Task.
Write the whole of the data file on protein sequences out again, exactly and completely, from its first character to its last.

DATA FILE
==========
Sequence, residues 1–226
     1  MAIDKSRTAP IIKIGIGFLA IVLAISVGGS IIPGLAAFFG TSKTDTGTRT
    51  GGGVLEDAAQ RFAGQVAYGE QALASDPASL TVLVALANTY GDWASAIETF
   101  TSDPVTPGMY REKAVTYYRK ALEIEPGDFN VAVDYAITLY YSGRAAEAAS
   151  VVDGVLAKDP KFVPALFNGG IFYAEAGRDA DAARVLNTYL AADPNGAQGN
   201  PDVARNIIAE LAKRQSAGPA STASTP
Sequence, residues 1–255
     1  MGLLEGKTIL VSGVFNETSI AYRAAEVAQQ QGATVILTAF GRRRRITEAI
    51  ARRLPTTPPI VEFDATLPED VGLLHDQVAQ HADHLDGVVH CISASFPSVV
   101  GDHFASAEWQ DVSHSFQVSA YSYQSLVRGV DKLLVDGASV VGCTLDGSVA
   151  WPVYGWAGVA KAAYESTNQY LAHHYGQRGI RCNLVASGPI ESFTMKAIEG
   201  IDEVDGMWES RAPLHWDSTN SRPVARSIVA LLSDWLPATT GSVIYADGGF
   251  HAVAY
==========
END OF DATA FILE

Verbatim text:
Sequence, residues 1–226
     1  MAIDKSRTAP IIKIGIGFLA IVLAISVGGS IIPGLAAFFG TSKTDTGTRT
    51  GGGVLEDAAQ RFAGQVAYGE QALASDPASL TVLVALANTY GDWASAIETF
   101  TSDPVTPGMY REKAVTYYRK ALEIEPGDFN VAVDYAITLY YSGRAAEAAS
   151  VVDGVLAKDP KFVPALFNGG IFYAEAGRDA DAARVLNTYL AADPNGAQGN
   201  PDVARNIIAE LAKRQSAGPA STASTP
Sequence, residues 1–255
     1  MGLLEGKTIL VSGVFNETSI AYRAAEVAQQ QGATVILTAF GRRRRITEAI
    51  ARRLPTTPPI VEFDATLPED VGLLHDQVAQ HADHLDGVVH CISASFPSVV
   101  GDHFASAEWQ DVSHSFQVSA YSYQSLVRGV DKLLVDGASV VGCTLDGSVA
   151  WPVYGWAGVA KAAYESTNQY LAHHYGQRGI RCNLVASGPI ESFTMKAIEG
   201  IDEVDGMWES RAPLHWDSTN SRPVARSIVA LLSDWLPATT GSVIYADGGF
   251  HAVAY